My eldest daughters compliment each other like a happily married couple celebrating their fiftieth wedding anniversary. When one can no longer walk, be they too tired or weary from growing pains, the other swoops up to offer piggy back’s ride or wagon’s pull. When one can not sleep, be they too restless or scared from a nightmare, the other cuddles in to offer a bed-time lullaby or story from nearest picture book.
This week’s school start found these two at their familiar opposite ends of the spectrum. My youngest didn’t look over her shoulder, bite her bottom lip and fidget her fingers before classroom’s entry. My oldest didn’t wish the school day was longer or for anything other than to be home with baby sister and me.
This week’s school start also found these two sisters at either ends of an invisible line.
This invisible line is sketched when boys play with boys, run past girls to tug a braid or shout silly things.
There’s no denying the pain felt from sharing a nap time or sleepover’s bedtime story with a boy who giggles with you only to turn up near recesses’ hop scotch, where you’re dreaming of the Barbie you’ll play with after school when he runs by, all boy-pack hyper and yells, girls are made of frog lips and old cat fur!
I remember the Fall in third grade, eating my fluffernutter sandwich (yup, I’m a Yankee) with a boy after school and pinky-swearing with him in my basement that I wouldn’t tell anyone at school how much he loved playing My Little Pony only to reach the last week of school when he chased me at recess, called me names then refused to pick me for his kick ball team.
Lessons I don’t care to teach: boys will be mean to you on the playground if they like you, boys will be mean to you on the playground and still play happily with you on weekends or whenever other boys aren’t around. This is all alright. The one you marry will pick you first, always and never say you smell like whale breath.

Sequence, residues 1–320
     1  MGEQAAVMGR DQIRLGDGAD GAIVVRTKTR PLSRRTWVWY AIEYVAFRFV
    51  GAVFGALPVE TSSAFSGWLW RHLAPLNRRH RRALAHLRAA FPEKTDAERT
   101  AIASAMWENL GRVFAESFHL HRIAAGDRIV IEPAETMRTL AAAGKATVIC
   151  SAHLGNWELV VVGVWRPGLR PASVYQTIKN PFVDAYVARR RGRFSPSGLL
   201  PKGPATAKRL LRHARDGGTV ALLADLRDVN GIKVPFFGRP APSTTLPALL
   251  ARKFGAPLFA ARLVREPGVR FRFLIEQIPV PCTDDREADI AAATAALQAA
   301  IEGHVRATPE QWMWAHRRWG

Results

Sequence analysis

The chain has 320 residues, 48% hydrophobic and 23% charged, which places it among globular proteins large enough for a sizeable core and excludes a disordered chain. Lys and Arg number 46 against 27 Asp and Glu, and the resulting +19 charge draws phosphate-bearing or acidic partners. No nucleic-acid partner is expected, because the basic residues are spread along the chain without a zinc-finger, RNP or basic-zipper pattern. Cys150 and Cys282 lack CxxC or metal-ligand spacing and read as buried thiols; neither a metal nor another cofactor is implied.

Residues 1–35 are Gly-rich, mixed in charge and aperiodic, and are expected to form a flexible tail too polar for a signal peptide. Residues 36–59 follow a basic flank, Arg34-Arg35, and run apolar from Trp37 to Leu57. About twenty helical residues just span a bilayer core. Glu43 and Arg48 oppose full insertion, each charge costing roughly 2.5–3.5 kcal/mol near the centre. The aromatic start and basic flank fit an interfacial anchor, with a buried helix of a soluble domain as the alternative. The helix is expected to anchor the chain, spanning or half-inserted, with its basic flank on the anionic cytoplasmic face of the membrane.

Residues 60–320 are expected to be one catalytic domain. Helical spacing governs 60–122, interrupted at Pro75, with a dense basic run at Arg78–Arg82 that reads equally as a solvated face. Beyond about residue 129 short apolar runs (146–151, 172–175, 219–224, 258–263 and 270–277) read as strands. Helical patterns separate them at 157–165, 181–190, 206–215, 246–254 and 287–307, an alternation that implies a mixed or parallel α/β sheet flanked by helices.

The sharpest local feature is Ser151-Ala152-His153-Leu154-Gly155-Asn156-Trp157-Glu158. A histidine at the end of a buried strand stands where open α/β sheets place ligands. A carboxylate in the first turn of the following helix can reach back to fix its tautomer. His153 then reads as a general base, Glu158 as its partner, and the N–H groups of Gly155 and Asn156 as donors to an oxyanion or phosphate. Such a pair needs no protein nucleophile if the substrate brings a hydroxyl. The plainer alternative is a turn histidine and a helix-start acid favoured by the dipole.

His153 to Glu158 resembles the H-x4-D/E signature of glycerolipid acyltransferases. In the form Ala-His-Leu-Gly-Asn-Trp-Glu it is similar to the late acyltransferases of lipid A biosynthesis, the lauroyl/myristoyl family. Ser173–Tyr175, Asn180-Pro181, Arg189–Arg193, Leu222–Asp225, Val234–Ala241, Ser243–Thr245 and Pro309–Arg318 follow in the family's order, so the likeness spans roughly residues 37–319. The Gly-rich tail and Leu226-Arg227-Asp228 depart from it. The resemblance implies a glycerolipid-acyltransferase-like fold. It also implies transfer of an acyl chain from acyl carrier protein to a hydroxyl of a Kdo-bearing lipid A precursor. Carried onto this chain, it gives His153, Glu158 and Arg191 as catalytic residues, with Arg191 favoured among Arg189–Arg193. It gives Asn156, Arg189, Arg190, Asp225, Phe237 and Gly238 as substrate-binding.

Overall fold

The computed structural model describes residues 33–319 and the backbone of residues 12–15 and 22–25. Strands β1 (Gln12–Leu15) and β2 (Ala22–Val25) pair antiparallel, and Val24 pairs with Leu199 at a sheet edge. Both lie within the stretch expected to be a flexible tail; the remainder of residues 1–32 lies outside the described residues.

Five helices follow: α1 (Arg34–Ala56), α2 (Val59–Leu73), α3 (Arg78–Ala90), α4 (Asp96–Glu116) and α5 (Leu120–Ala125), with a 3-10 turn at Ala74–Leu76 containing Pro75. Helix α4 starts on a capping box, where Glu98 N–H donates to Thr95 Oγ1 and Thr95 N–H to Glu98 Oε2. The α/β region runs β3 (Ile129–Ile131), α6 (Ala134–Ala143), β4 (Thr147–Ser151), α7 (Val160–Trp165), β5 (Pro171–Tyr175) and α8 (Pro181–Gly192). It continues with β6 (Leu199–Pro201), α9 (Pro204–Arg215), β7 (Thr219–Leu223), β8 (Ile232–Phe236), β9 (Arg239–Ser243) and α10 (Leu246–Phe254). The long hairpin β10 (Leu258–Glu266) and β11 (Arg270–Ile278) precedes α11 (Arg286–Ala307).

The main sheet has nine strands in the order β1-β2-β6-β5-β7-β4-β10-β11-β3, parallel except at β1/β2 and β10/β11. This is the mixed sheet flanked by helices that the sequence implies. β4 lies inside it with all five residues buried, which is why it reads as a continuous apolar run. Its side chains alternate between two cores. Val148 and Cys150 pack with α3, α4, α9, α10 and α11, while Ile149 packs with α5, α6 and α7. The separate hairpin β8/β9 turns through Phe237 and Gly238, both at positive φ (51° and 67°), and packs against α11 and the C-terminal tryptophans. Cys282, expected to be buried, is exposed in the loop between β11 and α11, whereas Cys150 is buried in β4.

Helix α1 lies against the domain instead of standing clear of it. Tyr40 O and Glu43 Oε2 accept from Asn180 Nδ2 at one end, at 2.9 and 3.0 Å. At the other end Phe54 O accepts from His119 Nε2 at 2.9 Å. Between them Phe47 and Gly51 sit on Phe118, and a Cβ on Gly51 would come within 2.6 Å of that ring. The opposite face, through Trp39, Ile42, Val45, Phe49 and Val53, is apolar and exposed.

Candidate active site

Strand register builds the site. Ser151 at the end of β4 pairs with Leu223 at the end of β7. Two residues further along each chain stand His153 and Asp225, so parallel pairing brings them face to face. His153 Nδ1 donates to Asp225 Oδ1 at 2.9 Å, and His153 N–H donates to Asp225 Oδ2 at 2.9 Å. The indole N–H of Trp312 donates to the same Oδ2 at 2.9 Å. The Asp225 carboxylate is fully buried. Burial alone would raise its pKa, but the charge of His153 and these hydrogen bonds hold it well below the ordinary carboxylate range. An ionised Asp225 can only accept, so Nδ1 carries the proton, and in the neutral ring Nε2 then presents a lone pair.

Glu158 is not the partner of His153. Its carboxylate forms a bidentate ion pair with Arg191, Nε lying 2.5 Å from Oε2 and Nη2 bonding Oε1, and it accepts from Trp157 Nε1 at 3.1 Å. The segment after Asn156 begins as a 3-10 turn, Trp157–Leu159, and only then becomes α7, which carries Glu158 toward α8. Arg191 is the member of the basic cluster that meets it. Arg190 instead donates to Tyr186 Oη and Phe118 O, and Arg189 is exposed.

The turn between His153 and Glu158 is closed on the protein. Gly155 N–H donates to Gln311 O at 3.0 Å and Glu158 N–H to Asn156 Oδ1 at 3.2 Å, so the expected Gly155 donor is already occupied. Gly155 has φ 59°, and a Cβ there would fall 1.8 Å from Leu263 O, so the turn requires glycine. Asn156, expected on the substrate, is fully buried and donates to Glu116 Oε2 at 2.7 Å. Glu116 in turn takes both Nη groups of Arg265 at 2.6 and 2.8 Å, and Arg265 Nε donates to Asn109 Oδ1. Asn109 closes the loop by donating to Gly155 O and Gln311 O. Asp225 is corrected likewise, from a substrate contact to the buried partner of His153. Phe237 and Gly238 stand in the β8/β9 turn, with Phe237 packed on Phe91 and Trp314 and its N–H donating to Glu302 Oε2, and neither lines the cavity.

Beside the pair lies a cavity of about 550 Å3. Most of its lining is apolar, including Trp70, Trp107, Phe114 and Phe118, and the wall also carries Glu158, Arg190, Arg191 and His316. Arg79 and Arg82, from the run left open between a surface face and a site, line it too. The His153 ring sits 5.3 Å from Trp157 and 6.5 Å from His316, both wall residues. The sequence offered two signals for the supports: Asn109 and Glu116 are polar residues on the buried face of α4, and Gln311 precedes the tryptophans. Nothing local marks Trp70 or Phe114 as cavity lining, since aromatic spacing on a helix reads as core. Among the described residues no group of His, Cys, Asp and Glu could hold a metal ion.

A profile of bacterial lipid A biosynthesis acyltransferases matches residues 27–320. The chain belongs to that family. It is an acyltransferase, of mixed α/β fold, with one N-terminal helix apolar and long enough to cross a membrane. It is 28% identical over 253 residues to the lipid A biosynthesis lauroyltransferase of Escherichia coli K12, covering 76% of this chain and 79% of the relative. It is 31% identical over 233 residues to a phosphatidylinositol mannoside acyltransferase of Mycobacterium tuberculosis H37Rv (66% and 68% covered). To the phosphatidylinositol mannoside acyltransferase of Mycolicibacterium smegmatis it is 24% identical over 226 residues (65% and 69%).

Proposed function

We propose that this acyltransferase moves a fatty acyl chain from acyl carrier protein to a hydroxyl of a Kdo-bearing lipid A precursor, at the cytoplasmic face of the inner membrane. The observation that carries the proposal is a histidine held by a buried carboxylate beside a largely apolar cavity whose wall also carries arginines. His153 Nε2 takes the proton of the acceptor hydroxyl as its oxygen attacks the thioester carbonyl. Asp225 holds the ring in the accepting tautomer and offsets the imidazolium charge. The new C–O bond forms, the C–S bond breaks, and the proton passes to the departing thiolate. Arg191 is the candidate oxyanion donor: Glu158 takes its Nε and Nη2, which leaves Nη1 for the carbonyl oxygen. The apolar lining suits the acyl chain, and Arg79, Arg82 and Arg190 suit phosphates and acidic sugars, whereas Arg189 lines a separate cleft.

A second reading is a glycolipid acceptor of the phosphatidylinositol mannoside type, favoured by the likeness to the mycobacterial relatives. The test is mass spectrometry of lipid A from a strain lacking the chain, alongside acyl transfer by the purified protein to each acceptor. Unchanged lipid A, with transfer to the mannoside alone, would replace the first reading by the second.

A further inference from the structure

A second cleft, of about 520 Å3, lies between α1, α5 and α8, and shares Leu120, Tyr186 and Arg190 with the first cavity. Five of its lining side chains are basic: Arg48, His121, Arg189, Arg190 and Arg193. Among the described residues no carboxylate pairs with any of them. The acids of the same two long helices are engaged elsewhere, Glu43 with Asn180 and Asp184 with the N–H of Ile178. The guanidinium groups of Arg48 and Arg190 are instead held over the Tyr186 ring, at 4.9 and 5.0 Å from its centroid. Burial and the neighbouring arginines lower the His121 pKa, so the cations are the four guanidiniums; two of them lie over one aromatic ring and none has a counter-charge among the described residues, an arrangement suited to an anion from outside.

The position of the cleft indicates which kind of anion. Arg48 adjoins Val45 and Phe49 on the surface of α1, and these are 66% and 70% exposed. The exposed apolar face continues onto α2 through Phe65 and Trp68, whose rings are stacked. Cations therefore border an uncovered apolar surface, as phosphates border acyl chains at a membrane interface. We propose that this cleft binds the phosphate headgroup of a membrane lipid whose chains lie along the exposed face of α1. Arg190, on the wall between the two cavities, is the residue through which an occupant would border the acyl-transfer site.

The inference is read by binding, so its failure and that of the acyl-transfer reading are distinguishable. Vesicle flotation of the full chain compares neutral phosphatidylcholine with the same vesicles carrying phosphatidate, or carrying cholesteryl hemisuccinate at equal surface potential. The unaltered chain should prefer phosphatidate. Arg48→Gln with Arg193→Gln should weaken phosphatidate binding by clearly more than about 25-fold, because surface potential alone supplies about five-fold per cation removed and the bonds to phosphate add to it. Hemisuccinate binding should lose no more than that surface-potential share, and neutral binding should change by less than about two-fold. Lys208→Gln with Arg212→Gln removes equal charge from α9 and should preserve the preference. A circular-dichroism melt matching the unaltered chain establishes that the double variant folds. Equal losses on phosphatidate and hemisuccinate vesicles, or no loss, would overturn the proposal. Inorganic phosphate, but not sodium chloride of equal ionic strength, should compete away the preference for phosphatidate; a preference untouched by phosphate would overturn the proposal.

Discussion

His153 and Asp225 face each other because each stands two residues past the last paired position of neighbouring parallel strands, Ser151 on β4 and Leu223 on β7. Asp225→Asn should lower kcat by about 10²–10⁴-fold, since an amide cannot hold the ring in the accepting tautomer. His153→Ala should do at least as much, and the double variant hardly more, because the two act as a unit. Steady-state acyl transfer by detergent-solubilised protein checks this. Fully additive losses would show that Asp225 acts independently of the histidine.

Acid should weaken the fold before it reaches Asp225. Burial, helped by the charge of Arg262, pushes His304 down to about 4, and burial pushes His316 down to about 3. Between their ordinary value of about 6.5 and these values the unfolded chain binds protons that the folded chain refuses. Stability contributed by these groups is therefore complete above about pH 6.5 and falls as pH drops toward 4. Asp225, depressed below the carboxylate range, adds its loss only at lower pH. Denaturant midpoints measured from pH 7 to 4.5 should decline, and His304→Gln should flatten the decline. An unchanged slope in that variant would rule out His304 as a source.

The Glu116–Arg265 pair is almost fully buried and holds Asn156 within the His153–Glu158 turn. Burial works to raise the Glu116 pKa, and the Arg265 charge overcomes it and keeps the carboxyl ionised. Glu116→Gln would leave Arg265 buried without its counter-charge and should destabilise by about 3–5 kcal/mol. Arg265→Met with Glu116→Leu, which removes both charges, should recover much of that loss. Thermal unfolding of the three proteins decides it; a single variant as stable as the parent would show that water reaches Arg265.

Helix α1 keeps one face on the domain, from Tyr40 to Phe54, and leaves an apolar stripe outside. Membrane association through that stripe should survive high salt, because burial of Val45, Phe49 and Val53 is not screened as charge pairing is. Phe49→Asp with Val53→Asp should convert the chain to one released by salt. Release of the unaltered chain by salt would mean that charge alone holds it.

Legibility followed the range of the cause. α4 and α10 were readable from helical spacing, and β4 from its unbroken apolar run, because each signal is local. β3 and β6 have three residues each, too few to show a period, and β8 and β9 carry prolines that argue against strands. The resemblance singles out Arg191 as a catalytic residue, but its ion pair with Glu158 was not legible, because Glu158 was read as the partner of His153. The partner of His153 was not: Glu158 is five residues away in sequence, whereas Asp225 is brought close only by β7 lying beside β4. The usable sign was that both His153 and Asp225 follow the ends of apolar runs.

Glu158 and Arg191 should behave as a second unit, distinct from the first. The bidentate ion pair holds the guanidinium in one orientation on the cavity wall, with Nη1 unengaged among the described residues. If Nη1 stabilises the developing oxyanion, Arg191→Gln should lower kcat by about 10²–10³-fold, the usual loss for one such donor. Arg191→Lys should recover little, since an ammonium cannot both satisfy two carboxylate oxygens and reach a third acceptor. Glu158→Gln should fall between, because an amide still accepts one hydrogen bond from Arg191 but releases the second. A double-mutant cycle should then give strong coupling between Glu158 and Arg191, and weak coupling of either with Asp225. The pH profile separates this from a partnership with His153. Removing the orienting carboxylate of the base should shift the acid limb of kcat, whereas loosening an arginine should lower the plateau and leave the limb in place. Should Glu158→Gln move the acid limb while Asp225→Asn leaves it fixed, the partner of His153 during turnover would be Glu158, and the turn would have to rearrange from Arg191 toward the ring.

I have one daughter that would laugh and call a boy silly for saying she was made of old pet fur and frog parts and another that will walk away and wipe a tear.
I can not carry my babes in my arms forever. One would jump right in, given the chance, but I must admit an almost seven year old in a sling is a bit unsightly. My eldest is learning the language of play as leaves change around her and feeling new knowledge roll in like tide in an unfamiliar room. She’s learning to speak up, making sure her words don’t have tears tagging along in her message.
My middle daughter’s humor and thick skin just might be the anchor of our family. She runs ahead, so sure of herself only to look back and offer a pinky to a struggling sister or a knock-knock joke to a sad sister.
Still, there’s no denying this place where we are right now. It’s hard to watch, this hardening of her heart. My firstborn is learning that speaking up isn’t giving in. She’s learning to smile, to create amidst words heard she doesn’t like. She’s bothered by the injustice of playground social order and she’s only six. Her heart is so full with all that space shared with the love of passed-on great grandparents.
When the school bell rings I want to hold on a bit tighter with my hugs, knowing I can’t hold my daughters in my arms forever. I want to know all about what made them laugh and know how their heart was lead to create each and every day. I want to know their wishes for tomorrow.
If confidence is gained from a mastery of the monkey bars, then practice is at the top of our to-do list form now on.
My wish for my daughters is simple: the confidence to ask why, the courage to keep trying and the creativity to always find their way.